hear your father’s instructions and not forsake your mother’s teaching (1:8), observe the commandment of your father (6:20), listen to your father who begot you (23:22) and in the warnings to those who curse their father or mother (20:20), does not bless their mother (30:11), mocks a father and scorns a mother (30:17). If you do not teach and hold your children accountable to obey you, then you are teaching them to sin.
In the parenting class we offer we expand on this to explain that children are to obey the first time, right away and with a happy face. The first two are relatively easy for they deal with the outward actions. The last one is more difficult because it involves the attitude and requires training the heart which takes a lot more work.
What do I mean by first time obedience? They follow your command the first time you tell them. You do not need to tell them more than once. Why first time obedience? Simply because less than that is disobedience. I realize that to some parents that sounds like an impossibility, but the truth is that your children will obey you when they know you finally mean it. If they do not obey until you have repeated it over and over again, you have some repenting to do because you have trained your children to disobey. If you have to reach some emotional level distinguished by the pitch and level of your voice and the color of your face before they obey, then you have added the problem of letting your anger lead you into sin. And to make it worse, your children will learn to be improperly angry and express it sinfully by following your example just as warned in Proverbs 22:24-25, “Do not associate with a man [given] to anger; Or go with a hot-tempered man, 25 Lest you learn his ways, And find a snare for yourself.” You can’t blame it on the kids saying they made you angry. No they didn’t. You trained them to disobey until you become angry. Cut out the wasted time and anger by simply requiring them to obey the first time.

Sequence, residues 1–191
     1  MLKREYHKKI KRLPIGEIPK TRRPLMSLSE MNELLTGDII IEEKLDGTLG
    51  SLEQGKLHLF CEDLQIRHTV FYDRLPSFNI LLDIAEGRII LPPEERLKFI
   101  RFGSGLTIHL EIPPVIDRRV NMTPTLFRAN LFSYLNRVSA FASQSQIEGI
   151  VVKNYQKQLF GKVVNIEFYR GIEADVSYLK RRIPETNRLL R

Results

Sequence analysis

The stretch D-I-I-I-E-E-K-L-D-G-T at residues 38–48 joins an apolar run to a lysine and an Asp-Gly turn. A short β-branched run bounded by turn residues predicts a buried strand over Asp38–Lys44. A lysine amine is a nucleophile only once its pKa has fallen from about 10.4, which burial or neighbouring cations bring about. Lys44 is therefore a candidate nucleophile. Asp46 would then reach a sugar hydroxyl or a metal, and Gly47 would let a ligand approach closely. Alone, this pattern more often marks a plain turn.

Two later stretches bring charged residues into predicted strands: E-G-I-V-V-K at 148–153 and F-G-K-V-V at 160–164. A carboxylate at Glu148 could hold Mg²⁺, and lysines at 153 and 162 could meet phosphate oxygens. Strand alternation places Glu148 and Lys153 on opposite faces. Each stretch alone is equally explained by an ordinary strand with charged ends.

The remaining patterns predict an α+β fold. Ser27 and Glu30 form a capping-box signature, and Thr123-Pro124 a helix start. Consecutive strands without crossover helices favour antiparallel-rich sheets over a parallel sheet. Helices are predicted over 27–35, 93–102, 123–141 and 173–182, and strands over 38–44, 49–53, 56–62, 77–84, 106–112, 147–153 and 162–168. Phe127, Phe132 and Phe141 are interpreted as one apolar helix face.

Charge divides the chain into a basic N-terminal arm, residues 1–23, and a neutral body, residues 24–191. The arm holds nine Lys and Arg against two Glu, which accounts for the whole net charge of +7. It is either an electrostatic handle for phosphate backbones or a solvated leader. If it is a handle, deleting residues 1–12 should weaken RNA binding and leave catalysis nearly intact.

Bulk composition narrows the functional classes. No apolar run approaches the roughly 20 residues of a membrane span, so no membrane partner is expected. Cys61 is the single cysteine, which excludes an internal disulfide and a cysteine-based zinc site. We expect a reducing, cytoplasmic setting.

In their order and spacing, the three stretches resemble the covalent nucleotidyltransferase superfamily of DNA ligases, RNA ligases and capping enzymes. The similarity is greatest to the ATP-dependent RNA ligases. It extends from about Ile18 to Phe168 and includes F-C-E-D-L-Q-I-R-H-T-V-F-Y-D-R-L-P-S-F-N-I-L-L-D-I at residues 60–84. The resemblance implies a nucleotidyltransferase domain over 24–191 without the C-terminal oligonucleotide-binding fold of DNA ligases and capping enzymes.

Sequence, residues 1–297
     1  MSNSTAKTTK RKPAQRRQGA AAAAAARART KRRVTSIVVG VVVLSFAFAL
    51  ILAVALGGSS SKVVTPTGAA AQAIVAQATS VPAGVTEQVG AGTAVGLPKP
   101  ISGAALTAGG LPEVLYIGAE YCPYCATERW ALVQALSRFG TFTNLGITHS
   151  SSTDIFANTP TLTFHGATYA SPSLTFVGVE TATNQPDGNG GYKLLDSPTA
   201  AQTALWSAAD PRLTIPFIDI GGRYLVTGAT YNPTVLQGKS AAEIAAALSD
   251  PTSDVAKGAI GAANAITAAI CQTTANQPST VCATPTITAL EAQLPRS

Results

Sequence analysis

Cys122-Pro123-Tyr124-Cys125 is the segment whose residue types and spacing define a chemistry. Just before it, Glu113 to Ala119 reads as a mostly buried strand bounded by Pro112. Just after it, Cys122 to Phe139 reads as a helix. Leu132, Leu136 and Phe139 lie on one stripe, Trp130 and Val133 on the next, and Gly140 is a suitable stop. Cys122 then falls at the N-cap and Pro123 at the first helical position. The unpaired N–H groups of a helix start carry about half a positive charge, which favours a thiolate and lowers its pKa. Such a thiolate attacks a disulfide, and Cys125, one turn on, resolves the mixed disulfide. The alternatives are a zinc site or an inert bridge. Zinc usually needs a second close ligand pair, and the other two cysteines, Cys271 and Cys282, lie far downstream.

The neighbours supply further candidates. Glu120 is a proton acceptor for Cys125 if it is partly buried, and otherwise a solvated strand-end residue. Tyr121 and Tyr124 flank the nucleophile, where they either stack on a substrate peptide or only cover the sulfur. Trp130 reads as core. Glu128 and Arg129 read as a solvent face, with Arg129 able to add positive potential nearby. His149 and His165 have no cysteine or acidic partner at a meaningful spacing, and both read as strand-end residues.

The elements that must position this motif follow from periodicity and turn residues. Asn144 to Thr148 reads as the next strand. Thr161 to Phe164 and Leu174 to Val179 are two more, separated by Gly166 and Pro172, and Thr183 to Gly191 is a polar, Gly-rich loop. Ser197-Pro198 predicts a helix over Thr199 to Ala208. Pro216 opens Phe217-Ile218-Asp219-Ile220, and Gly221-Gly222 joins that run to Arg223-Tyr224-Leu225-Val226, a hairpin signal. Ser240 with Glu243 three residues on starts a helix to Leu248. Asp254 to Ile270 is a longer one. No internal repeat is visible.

How do you do that? First, be clear in what you say. You need to know they heard and understood your instructions, so require them to answer you respectfully. Second, say what you mean and mean what you say. If you mean it to be an authoritative direction, then give a command, not a suggestion or options. If you mean it as optional advice, then do not give a command. Third, set the standard, teach to the standard, live the standard, require the standard. If you have not had first time obedience, apologize to your children for teaching them to be disobedient. Explain to them what will now be expected and the consequences for future disobedience. Make a game out of it and practice it for a little while. You can give reminders for a day or two as part of the teaching, but then require the new standard and implement the consequences.
This same principle applies to obeying right away. What do I mean by that? There is no delay in carrying out the instructions you give. Delayed obedience is disobedience. For example, if you call and they hear you, then they need to answer and come. If there is any delay, there has to be legitimate reason which should be expressed when they answer, i.e., “Yes sir, may I finish getting dressed first?” etc.,
What do I mean by obedience with a happy face? It starts with the physical requirement that they do not express their displeasure at having to obey your command by word, posture or facial expression. Such things reveal that they think they know better than you and have the right to judge your instructions. You then continue to work on their heart so that they learn to delight in the law of the Lord and doing His will (Psalm 1:2; 40:8) which includes obedience to parents.
The life of King Saul is a tragic reminder of the consequences of disobedience to God. He lost his dynasty, his kingship and finally his life because he kept responding as if he knew better than God. His repentance was feigned and he remained proud. We want to teach our children from an early age to joyfully obey God, and that begins by teaching them to joyfully obey us – the first time and right away. For their sake and your sake you want them to become godly and wise – Proverbs 10:1, “A wise son makes a father glad, But a foolish son is a grief to his mother.”
We will continue on this topic of raising children with godly character next week starting with responsibilities to siblings and extended family.
Parents, you are responsible to apply God’s Word to your children’s lives. Here is some help. Young Children – draw a picture about something you hear during the sermon. Explain your picture(s) to your parents at lunch. Older Children – Do one or more of the following: 1) Write down the scripture references and look them up later 2) Count how many times obey / obedience is mentioned. 3) Discuss with your parents why it is important for you to obey them the first time, right away with a happy face.
THINK ABOUT IT!